A recent conference held at the New York Academy of Science asked a downright outrageous question: Can dementia be prevented by making changes to your diet? In this podcast we look at what the answers might be.
Podcast listeners learned a lot over the past two months about neurodegenerative dementia – what it is, what it isn’t, and how heartbreakingly little medical science can do right now to treat it. In that context, a recent conference held at the Academy asked a downright outrageous question: Can dementia be prevented by making changes to your diet? In this podcast, we hear answers to that question, some of which are surprisingly optimistic.
Listen to the podcast here.
In July BBDF’s Principal Scientist, Dr. Danielle Kerkovich, and I attended the Batten Disease Support and Research Association’s (BDSRA’s) annual conference in Chicago. This event is always a great way for us to connect with families in-person and we were happy to get to visit with many of you and meet your kids.
While at the conference we had the pleasure of going to dinner with two very special sets of parents. The Currans and the Phillips are on the opposite ends of their journey with juvenile Batten disease. Nick Curran is a healthy 23 year old and Hudson Phillips was just recently diagnosed at 6 1/2 years old. Our conversation made me realize how important connecting with other affected families can be and I would like to facilitate more of that for CLN3 families. The Currans and Phillips shared nutrition strategies, anecdotes about symptoms and siblings, and asked Danielle many questions about research opportunities. I was humbled to see how much responsibility these parents feel to make sure their kids are comfortable and happy in the absence of any medical or scientific guidelines. I believe just talking to each other gave them confidence and a feeling of support and encouragement to continue making decisions that are in the best interest of their kids.
Though I think there is nothing better than visiting face-to-face, I know that attending the conference is not feasible for everyone. BBDF supports a Facebook page, a Batten Map, and the Batten Blog. We’ve developed these tools as a way to help more JNCL affected families connect with one another. I encourage you to use them – like us on Facebook, comment and share; add your family to the Batten Map so we can show strength in numbers; and follow us on the Batten Blog and please send us information to post and share–your own personal stories inspire others. If you have other ideas, please let me know how we can facilitate connections.
One of the reasons Danielle and I attended the BDSRA conference was to connect with families in a very specific way. The Phillips and Currans and many other JNCL families participated in a research project while at the conference. BBDF is funding a $0.5 million project with the New York Stem Cell Foundation to create iPS stem cells, a tool that will allow researchers to conduct experiments on actual brain cells with juvenile Batten disease. This is a game-changing discovery. Click here to read more about how it’s done and why it matters. We rely on affected children and their parents to provide skin punch biopsies to create these cells and so many families were willing to do that. We are grateful for their participation. This project wouldn’t be possible without them. If you are interested in participating in this research or have questions about it, please email me.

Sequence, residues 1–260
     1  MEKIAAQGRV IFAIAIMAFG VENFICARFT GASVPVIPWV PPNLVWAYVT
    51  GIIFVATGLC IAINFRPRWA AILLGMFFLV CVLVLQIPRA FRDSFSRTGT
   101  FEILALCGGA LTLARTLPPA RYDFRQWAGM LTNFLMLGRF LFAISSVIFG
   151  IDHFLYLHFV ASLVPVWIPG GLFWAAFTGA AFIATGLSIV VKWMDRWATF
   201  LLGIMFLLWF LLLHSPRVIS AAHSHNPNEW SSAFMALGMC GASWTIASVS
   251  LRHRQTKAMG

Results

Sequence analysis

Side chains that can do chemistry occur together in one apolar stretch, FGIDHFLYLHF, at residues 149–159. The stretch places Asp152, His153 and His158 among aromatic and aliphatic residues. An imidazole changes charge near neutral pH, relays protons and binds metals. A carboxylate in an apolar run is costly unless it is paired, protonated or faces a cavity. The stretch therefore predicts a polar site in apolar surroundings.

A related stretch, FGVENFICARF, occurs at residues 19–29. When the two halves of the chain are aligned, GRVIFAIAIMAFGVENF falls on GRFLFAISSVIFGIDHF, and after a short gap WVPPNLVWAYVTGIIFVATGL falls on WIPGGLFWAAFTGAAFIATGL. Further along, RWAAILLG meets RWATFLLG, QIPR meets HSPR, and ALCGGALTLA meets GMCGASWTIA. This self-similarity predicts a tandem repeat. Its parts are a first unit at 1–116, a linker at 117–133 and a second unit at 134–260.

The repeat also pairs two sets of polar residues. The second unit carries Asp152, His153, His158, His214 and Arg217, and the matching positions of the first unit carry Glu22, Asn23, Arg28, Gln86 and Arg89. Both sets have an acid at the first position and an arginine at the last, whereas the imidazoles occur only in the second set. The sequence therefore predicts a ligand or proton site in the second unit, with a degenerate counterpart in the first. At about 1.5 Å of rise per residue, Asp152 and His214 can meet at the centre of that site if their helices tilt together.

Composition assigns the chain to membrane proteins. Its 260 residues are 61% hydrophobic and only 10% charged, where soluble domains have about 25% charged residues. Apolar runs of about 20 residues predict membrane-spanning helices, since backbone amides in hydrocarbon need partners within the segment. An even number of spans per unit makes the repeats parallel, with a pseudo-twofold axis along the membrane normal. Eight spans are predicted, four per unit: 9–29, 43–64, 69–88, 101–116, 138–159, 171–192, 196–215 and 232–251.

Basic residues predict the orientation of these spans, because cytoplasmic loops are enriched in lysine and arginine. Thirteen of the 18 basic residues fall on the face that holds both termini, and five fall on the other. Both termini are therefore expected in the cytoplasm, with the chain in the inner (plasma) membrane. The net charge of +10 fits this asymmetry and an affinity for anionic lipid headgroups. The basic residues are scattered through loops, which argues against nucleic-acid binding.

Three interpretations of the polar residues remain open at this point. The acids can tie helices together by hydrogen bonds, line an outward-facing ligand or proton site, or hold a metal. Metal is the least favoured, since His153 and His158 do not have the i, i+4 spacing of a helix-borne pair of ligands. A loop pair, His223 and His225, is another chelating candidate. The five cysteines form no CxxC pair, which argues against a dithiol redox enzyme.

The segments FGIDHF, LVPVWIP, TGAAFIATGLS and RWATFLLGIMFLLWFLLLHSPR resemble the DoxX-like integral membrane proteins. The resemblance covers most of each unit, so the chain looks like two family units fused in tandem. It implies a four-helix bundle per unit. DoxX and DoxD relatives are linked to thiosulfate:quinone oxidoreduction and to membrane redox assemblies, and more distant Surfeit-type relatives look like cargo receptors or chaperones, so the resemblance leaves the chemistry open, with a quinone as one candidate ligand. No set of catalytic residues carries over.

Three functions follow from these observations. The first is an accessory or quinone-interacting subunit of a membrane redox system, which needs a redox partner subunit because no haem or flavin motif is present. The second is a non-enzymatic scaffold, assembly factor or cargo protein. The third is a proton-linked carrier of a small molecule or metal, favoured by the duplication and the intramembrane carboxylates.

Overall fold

That was a lot to cover. Thanks for reading through and considering ways to connect with other families and participate in research opportunities. You are the reason we exist and we are committed to finding a cure for juvenile Batten disease. Stay tuned for exciting announcements in the coming months. And please reach out to me any time with ideas, suggestions, questions or concerns.
Wishing you the very best,
Mary Beth Kiser | President and CEO
Beyond Batten Disease Foundation
Have you ever wondered if you are relevant, significant, or if anything you do really matters? Sometimes I get moving so fast, occupied with my daily activities, and whirling in a million directions, that I wonder at the end of the day, if any of it really mattered…….does anything I do count?
I received a card in the mail the other day from Whitney, a childhood friend, and the cover read: “Start by doing what’s necessary; then do what’s possible; and suddenly you are doing the impossible” – Francis of Assisi.
That gave me pause for reflection because certainly Craig and I know that Beyond Batten Disease Foundation was created by a “necessary” response to give hope to our child, Christiane. What came next was the “possible” with the creation of the foundation and the extraordinary contributions of our friends and community. While our destination is certainly to accomplish the” impossible,” what’s striking to me is how amplified that concept becomes when an entire community is simultaneously contributing to that phenomena. Continue reading